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Anne’s Bohemia

Czech Literature and Society, 1310-1420

1998
Author:

Alfred Thomas
Foreword by David Wallace

Anne’s Bohemia

The first book in English on medieval Czech literature.

Considers the development of Czech literature and society from the election of Count John of Luxembourg as king of Bohemia in 1310 to the year 1420, when the papacy declared a Catholic crusade against the Hussite reformers. This period is of particular relevance to the study of medieval England because of the marriage of Richard II to Anne of Bohemia, the figure around whom this book is focused.

Anne’s Bohemia blazes a very new trail. Alfred Thomas’s thorough knowledge of the subject and the unique comparative perspective he provides make this book a most welcome contribution to medieval studies in both the West and Central Europe.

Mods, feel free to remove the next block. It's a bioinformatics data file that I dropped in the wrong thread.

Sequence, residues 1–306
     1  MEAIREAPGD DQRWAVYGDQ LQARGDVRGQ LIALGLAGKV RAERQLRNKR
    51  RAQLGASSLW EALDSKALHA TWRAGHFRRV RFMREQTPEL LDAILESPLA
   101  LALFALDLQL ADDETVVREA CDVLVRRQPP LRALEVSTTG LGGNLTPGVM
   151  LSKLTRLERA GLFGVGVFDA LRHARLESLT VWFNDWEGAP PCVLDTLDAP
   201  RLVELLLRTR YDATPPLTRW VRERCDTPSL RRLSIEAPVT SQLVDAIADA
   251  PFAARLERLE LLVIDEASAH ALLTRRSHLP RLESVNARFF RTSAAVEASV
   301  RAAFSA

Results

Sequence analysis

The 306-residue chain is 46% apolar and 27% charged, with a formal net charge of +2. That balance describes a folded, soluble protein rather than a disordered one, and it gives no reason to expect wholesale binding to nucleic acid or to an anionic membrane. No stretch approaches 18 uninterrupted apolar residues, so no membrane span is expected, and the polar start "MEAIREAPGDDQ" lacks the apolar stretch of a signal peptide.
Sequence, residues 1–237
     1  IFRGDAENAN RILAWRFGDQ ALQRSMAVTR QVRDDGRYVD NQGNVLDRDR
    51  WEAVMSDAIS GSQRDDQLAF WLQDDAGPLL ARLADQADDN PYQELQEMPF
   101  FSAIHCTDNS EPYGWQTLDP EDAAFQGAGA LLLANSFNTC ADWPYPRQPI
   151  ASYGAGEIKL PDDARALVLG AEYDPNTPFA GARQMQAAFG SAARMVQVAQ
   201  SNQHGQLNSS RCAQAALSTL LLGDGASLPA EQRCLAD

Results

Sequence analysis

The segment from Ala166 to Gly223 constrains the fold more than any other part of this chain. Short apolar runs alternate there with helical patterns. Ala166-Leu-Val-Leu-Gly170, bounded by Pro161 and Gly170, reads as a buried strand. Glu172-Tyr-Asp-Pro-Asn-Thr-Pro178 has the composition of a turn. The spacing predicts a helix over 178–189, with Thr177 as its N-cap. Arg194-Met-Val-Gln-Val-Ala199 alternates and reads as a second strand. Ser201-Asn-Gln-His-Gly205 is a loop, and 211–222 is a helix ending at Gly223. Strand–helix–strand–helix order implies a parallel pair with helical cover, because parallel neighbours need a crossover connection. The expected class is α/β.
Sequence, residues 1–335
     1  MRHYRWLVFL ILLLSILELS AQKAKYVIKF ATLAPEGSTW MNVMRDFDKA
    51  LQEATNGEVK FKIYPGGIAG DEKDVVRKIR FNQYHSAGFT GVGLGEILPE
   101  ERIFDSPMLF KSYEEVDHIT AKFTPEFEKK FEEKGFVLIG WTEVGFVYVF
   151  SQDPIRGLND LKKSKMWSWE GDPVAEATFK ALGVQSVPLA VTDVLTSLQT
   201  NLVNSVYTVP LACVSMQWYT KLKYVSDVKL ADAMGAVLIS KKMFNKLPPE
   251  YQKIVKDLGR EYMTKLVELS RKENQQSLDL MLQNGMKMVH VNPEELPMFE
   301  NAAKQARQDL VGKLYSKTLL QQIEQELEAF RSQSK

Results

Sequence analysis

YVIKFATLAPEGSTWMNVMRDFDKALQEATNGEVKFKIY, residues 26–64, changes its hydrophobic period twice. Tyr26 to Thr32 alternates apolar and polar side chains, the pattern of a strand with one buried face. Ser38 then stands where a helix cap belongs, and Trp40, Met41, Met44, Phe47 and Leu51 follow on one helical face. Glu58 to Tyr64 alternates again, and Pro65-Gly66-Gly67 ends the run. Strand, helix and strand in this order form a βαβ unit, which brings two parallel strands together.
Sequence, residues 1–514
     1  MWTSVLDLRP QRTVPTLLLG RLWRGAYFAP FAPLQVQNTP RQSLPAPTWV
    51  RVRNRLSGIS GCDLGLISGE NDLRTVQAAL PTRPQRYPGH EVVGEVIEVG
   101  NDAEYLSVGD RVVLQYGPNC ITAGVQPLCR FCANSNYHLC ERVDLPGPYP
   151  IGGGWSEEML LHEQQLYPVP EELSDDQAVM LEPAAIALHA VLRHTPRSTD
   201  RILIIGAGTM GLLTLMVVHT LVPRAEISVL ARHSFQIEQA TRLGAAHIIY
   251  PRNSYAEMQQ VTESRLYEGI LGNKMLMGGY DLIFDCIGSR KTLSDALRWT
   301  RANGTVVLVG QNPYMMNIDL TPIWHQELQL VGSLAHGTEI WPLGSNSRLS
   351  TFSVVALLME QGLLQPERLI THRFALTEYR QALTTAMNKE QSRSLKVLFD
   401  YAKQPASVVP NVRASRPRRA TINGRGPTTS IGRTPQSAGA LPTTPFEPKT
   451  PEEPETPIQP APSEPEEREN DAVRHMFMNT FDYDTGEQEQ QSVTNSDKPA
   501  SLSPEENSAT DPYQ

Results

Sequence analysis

Jan Čermák, Charles University, Prague

Anne’s Bohemia is the first general book in English to introduce the little-known riches of medieval Bohemian culture. Alfred Thomas considers the development of Czech literature and society from the election of Count John of Luxembourg as king of Bohemia in 1310 to the year 1420, when the papacy declared a Catholic crusade against the Hussite reformers. This period is of particular relevance to the study of medieval England because of the marriage of Richard II to Anne of Bohemia, the figure around whom this book is focused.